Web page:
Maxim’s mother explains a little of what their new life under quarantine is like.

“When the self-isolation started, it seemed as if our children would be without support for an unknown period.  But then we remembered everything that we had learned in our group and individual sessions.  Gradually, we began to organise activities at home, dusted off a pile of unused games, toys and aids for moving Maxim, which we never got round to using in the business of daily life.  Maxim developed a wish to explore our space.  He chose to do this by crawling on all fours, when before he had never crawled around the flat.  It’s the first time our son has studied the flat so thoroughly – we can’t get his wheelchair through the narrow corridor to our second room – but he got there on his own, and very energetically.  Generally, the usually perservering Maxim’s energy is bubbling over.

Then in April, the A-Tech project suggested online activities, and we decided to give it a go, even though we couldn’t imagine what it would be like.  The online format maintained the number of individual and group sessions.  So, although the situation demands a lot more strength and attention from parents, we are not alone.  Our therapy team is always in touch.  Together we resolve our pressing day to day problems over video link.  For us, one of these problems was how to encourage Maxim to help with the washing up.  Without a vertical support it is very difficult for him to stand.  So, together we decided to saw out a section of the shelf under the sink, so that the support would fit under the sink.  It was a very unexpected, but successful solution to our problem.  The joy of splashing in water should be accessible to everyone!

By video we are working with occupational therapist Dasha on our hands: we do a video showing how Maxim can move his hands in all directions, then we discuss and think about how he might be able to, for example, pour milk.  Maxim is now an expert in fixing himself a milk cocktail on his own.  Of course it is hard for Maxim and me without seeing Dasha in the flesh, but considering the circumstances we are continuing to develop with these fun video sessions.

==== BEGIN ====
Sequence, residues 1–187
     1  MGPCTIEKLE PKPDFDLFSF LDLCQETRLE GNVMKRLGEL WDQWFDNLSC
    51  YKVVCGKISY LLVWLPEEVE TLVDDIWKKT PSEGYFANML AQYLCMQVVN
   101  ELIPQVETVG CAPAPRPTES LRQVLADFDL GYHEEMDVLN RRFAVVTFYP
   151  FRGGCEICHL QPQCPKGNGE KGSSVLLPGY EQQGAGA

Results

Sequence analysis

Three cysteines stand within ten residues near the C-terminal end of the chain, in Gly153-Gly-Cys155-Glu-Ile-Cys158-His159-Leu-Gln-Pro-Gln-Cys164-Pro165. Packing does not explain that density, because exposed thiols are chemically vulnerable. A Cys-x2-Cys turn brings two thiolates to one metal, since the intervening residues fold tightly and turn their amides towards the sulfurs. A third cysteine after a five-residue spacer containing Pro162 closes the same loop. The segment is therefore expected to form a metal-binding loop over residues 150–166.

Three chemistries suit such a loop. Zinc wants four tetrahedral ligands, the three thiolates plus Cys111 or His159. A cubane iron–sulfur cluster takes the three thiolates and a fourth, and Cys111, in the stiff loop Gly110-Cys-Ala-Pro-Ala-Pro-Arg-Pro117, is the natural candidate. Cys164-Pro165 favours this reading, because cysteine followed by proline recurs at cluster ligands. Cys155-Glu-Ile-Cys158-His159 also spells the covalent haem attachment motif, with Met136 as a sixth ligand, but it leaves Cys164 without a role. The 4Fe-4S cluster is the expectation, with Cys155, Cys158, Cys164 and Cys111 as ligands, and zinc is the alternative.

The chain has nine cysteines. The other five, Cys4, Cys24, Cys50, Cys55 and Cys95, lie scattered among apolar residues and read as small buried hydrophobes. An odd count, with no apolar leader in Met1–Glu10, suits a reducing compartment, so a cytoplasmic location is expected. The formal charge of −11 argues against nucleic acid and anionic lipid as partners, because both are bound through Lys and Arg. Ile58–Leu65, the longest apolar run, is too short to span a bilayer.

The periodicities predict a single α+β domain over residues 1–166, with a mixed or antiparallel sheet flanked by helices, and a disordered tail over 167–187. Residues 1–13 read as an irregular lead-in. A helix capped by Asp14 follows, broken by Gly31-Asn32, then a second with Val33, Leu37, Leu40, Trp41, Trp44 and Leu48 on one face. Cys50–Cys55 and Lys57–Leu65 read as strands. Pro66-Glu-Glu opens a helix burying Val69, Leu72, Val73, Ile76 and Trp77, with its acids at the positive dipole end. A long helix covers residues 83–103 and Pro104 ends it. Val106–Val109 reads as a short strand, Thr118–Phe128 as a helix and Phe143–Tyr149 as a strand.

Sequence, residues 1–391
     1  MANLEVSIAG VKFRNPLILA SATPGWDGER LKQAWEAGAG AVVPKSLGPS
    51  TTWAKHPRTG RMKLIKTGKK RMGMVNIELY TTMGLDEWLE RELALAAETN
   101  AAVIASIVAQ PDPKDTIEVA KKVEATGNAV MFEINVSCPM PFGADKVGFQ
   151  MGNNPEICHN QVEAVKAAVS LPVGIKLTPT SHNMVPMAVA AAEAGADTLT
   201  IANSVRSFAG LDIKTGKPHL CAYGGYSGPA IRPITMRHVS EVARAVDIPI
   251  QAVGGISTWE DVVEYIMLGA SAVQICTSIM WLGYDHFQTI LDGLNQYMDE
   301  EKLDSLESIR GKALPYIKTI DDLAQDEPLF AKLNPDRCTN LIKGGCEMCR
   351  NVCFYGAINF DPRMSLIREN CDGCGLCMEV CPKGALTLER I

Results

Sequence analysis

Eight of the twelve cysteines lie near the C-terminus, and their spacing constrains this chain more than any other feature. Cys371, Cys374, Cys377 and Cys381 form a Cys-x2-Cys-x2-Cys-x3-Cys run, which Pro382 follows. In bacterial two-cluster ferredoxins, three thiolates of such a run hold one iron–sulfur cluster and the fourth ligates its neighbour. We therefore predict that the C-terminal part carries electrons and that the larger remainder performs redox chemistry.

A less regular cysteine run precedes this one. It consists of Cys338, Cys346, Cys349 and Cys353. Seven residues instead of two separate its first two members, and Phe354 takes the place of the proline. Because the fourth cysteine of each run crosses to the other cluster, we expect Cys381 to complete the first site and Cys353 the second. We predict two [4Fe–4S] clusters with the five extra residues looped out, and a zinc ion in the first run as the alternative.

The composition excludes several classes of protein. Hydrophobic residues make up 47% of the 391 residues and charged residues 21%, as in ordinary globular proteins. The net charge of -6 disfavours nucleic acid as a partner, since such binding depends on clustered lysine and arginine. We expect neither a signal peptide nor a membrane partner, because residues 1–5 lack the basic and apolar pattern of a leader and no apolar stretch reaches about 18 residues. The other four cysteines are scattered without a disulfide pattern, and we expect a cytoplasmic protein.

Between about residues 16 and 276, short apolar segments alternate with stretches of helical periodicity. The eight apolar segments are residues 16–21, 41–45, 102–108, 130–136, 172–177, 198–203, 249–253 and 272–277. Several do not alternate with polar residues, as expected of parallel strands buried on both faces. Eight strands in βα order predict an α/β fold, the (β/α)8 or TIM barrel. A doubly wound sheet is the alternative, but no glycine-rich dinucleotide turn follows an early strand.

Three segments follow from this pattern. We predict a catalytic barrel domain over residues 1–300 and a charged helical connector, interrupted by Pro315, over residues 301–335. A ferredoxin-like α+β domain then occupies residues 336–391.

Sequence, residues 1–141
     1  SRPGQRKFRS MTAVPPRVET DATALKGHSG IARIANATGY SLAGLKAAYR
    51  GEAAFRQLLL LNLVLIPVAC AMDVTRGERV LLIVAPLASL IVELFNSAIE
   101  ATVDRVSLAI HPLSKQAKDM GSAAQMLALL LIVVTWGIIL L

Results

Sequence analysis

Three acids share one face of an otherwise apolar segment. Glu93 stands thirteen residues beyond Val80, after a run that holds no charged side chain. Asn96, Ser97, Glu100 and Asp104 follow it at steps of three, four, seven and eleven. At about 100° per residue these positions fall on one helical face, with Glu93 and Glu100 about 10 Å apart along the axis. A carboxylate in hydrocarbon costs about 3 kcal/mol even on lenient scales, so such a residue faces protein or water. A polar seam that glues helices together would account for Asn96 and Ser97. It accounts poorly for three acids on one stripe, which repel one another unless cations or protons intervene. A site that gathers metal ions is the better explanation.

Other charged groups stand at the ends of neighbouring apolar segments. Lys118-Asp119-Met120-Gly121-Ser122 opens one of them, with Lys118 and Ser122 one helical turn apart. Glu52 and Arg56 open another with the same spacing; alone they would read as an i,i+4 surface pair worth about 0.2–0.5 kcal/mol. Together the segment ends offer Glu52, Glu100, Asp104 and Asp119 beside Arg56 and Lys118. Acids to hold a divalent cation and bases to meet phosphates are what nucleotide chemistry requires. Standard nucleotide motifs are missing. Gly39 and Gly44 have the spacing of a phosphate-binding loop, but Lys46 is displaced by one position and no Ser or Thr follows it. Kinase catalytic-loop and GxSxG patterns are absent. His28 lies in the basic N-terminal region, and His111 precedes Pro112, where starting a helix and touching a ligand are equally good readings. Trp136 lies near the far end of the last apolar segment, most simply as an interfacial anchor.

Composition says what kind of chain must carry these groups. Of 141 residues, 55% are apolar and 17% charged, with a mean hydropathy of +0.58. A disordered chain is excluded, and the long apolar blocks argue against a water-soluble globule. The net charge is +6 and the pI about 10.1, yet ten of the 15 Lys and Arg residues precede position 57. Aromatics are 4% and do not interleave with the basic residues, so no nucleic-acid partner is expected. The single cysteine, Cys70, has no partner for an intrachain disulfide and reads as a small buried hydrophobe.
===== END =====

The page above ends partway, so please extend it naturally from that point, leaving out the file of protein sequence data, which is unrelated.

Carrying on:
The project has recommended a set of daily exercises to develop strength, stamina and flexibility at home.  For Maxim, as one of the youngest in the group, Sasha, the physiotherapist, thought up and filmed a game in which he had hidden 2 sets of 10 squats!  After we have learnt a new exercise, we take a video and send it to Sasha.  Filming our different exercises keeps us motivated.  We have set up a special group where parents can share the videos.  At the moment we are not having individual online sessions: because of his age and character, MAxim does not take to instructions over the computer.  It doesn’t have the same authority or passion as seeing Sasha in person.  So, we do our exercises independently according to the regime Sasha has set.  We do them a bit at a time when we can fit them in.

On Saturdays we gather in groups of five online.  It is lovely to see each other on video.  The kids have really been missing each other.  We have fitness with Sasha, experiments with Dasha and conversation with Asia (psychologist and communication specialist).  All the sessions are run taking Maxim and the other children’s characters into consideration.